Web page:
Philadelphia’s newest coffee shop is focused on more than just serving up bold brews.

Located on Lancaster Avenue in West Philly, in the former Mighty Writers space, Stomping Grounds Café invites in customers with thoughtful touches like mugs filled with plants and a robust pay-it-forward culture.

At this shop, there aren’t any pumpkin spice lattes or many adults, because at Stomping Grounds, young people are in charge.

Stomping Grounds Café opened on Nov. 8, but the concept was years in the making at YouthBuild Philadelphia Charter, the high school behind it.

“We wanted to create a space where students had real customer-facing training with real customers in the community,” said Melissa Jackson-Schmidt, the director of workforce development at YouthBuild.

During their senior year, students can opt into different vocational tracks, and those who decide to pursue business administration learn all about entrepreneurship in classes and then have the opportunity to put that into practice by working. Nyasia Flowers is one of those students.

Flowers, 18, is the student manager at Stomping Grounds. She works four days at the shop and is excited to learn and grow through her new role.

“I get to learn how everything works,” said Flowers. “It’s important to me because I want to be an entrepreneur. I want to start my own skincare line and I want to know the basics of running a business,” she said.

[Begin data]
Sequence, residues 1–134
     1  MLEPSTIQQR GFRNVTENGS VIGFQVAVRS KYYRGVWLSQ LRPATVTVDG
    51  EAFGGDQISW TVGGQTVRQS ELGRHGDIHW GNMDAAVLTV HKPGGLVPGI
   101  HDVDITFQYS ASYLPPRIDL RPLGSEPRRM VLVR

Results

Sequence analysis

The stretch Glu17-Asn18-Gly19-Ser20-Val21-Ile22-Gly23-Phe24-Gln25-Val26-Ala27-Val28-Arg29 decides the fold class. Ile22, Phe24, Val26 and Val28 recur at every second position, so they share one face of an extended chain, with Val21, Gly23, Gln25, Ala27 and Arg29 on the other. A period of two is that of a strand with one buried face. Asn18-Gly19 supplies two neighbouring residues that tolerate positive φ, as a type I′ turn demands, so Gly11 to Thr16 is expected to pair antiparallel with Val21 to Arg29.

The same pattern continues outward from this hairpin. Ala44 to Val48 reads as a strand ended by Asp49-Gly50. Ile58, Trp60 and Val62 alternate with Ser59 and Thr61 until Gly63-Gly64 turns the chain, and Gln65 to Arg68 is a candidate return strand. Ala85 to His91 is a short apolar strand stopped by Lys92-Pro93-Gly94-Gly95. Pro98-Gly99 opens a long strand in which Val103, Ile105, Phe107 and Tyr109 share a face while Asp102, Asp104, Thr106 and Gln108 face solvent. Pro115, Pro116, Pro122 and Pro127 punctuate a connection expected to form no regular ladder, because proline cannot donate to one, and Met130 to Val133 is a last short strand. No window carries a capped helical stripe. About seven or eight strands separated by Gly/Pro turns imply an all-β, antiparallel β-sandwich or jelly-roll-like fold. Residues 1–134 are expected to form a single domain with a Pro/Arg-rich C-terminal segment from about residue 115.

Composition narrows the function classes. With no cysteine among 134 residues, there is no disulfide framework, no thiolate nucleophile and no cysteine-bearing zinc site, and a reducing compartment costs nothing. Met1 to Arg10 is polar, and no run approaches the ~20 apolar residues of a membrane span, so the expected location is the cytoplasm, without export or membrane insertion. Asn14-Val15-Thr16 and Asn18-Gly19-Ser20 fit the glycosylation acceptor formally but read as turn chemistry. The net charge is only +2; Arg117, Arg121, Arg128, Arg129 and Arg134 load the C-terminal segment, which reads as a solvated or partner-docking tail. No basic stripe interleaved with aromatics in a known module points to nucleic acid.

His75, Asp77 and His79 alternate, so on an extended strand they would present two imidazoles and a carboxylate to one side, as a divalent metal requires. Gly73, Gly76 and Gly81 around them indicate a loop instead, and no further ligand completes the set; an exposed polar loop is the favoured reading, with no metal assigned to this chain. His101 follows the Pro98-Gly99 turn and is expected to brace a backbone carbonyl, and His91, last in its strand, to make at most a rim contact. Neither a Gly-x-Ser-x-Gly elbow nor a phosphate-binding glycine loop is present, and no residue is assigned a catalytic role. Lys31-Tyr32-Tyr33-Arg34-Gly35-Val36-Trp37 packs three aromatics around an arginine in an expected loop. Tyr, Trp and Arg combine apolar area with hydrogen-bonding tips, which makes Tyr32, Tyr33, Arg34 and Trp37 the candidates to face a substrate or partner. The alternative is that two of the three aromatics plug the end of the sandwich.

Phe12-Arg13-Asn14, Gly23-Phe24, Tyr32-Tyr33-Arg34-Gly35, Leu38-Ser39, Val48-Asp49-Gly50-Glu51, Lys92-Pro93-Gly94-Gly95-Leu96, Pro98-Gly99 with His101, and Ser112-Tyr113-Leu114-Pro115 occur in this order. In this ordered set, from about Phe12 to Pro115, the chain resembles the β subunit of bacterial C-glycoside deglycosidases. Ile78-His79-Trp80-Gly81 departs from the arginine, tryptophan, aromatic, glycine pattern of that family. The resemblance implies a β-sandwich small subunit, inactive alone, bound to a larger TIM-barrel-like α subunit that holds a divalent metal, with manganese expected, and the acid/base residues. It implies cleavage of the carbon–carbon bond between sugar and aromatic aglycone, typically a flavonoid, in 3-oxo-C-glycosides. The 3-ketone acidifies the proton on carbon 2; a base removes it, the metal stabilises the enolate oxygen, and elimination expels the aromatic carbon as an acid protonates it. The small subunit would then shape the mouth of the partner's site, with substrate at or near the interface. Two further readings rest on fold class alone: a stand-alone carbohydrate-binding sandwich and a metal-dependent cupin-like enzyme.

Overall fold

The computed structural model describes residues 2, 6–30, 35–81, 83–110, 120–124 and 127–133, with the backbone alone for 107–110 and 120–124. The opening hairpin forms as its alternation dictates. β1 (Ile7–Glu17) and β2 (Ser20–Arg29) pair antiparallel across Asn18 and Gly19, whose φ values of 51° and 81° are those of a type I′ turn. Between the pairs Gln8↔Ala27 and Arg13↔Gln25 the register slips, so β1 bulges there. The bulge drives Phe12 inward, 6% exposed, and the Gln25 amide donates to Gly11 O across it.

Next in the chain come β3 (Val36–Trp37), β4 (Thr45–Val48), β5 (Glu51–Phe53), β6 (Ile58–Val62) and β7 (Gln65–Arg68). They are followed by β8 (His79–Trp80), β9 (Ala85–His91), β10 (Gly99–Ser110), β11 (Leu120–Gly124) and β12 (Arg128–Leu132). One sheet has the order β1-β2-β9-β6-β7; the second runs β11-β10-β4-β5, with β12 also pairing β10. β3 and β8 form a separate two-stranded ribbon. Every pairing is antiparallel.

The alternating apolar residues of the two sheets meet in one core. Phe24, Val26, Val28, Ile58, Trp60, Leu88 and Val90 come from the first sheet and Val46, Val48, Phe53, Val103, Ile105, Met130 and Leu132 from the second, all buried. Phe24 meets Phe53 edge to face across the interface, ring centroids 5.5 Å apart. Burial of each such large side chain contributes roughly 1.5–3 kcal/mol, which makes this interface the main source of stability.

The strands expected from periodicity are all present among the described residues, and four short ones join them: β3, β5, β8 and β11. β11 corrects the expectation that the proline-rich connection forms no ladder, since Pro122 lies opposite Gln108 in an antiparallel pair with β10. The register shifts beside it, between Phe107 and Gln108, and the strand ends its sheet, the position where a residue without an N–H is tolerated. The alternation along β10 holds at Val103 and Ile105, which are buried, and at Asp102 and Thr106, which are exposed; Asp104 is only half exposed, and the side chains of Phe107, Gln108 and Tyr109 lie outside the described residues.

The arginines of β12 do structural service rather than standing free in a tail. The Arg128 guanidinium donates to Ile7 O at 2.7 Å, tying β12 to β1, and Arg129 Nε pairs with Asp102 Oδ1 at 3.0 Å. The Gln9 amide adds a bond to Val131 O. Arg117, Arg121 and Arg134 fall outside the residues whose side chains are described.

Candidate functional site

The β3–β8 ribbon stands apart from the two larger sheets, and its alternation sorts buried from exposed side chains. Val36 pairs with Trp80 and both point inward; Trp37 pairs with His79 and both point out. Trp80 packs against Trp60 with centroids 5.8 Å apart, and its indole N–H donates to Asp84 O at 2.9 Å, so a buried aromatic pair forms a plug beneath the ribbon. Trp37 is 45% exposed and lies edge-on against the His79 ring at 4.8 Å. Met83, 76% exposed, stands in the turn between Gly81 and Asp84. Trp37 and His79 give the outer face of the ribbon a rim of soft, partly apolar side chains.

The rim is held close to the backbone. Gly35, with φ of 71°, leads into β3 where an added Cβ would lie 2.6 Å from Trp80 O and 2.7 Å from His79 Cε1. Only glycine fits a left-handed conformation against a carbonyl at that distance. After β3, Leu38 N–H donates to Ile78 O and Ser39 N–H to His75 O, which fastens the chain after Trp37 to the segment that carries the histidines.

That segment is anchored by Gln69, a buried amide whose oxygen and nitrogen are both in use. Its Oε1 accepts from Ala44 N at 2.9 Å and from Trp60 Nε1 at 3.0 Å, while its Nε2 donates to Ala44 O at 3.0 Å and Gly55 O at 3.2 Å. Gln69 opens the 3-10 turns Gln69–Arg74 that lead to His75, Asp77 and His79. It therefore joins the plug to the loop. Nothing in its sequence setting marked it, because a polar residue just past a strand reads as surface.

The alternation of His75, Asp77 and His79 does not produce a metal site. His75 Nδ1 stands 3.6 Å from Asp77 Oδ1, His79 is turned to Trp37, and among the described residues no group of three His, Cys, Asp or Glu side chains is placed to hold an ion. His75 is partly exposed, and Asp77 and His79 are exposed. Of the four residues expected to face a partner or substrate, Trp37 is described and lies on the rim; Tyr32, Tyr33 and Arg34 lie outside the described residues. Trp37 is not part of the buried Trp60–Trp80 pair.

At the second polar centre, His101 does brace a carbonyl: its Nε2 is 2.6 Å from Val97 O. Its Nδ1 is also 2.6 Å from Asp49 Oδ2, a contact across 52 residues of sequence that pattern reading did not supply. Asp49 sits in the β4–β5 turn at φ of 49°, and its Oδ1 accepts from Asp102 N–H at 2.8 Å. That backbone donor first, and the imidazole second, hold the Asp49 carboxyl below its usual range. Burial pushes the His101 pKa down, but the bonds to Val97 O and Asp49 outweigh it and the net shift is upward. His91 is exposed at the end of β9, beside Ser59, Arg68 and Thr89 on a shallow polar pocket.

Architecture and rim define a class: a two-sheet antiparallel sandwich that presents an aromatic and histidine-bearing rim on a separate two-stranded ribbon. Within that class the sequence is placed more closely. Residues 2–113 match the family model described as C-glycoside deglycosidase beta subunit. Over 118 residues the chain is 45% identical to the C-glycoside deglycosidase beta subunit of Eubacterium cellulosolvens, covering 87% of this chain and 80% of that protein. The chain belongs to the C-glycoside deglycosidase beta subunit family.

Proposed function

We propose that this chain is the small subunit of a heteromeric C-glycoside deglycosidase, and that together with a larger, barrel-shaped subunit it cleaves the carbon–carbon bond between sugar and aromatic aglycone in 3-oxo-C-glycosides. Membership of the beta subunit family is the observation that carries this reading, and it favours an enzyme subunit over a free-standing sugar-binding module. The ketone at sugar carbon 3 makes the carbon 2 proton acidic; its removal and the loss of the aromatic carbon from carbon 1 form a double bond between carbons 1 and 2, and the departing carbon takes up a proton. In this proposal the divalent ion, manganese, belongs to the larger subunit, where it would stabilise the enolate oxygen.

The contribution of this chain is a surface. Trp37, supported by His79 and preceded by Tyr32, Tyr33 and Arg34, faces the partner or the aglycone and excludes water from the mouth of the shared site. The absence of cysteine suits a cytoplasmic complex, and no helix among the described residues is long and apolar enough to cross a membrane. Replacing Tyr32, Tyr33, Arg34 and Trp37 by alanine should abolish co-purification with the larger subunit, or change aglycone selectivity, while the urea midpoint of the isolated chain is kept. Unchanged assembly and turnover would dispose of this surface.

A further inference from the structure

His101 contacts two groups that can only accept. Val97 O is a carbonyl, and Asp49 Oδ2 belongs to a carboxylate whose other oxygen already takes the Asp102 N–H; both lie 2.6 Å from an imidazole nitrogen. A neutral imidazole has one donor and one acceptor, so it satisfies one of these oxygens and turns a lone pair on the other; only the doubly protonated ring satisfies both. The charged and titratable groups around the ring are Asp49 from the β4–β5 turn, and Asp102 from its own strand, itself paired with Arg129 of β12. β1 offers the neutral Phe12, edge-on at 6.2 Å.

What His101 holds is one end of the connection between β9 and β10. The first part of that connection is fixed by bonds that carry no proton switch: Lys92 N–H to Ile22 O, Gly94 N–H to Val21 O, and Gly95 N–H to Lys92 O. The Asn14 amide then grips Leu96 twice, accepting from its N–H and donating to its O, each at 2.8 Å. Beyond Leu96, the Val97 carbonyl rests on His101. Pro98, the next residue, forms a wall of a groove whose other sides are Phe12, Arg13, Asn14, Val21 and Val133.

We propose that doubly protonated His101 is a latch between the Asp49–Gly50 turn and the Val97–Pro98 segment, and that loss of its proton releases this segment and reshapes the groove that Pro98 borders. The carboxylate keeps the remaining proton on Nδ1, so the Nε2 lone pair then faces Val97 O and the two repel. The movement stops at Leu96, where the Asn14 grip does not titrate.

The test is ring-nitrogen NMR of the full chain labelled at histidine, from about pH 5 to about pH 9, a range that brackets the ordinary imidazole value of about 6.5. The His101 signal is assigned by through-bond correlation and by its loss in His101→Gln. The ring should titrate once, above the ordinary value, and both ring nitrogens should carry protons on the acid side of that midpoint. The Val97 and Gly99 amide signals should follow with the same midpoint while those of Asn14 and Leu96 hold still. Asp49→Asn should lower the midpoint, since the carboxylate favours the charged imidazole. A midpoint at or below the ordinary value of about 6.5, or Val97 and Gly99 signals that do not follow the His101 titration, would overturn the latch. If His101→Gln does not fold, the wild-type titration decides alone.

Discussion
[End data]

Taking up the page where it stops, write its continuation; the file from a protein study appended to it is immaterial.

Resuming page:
The workers at Stomping Grounds work alongside Kim Paulus, the café’s general manager and YouthBuild’s customer service instructor. Paulus has years of experience working in coffee shops and opening them up, too. This one feels different to her.

“The coffee is the vehicle,” Paulus said, ”but the true nature of the course is how to become your own person, how to develop your voice, how to advocate for what you need, how to create a better space around you, and how to change the things that need changed.”

Paulus teaches students how to engage with customers, along with how to properly steam milk and make the perfect cappuccino. She’s also helping to cultivate a coffee shop with a culture that feels more inclusive than other spaces. Her students have helped her think through what that looks like in West Philadelphia.

“We have made a space where anyone, regardless of background or ability or anything, can come in and be heard and be seen and be welcome,” she said.

Just a few weeks in, the shop has partnered with the neighboring businesses and community clean-ups are on tap for the future, along with other community events.

For Melanie Osborn, 21, that social justice mission carries special resonance. She works as the assistant manager at Stomping Grounds while studying secondary education at the Community College of Philadelphia, but her path wasn’t always so clear. When she was 17 years old, she left YouthBuild after struggling with her mental health. A few years later, she became pregnant and had a baby, Aurora, who is now 2 years old. After juggling work and motherhood, Osborn decided to return to YouthBuild.

“I really need[ed] to go back to school because this was something that I needed to set an example for her,” she said.

Osborne graduated as valedictorian last year and then stepped into her current role at the café.

“Throughout the past year, I really have gained a lot of self-confidence and a lot of strength and a lot of positivity, and it’s all because of the support that I’ve had,” said Osborn.

Stomping Grounds Café is open Monday through Friday, and offers various coffee and tea drinks, including a sweet potato latte.

Visit Stomping Grounds Café at 3859 Lancaster Ave.

This article first appeared on

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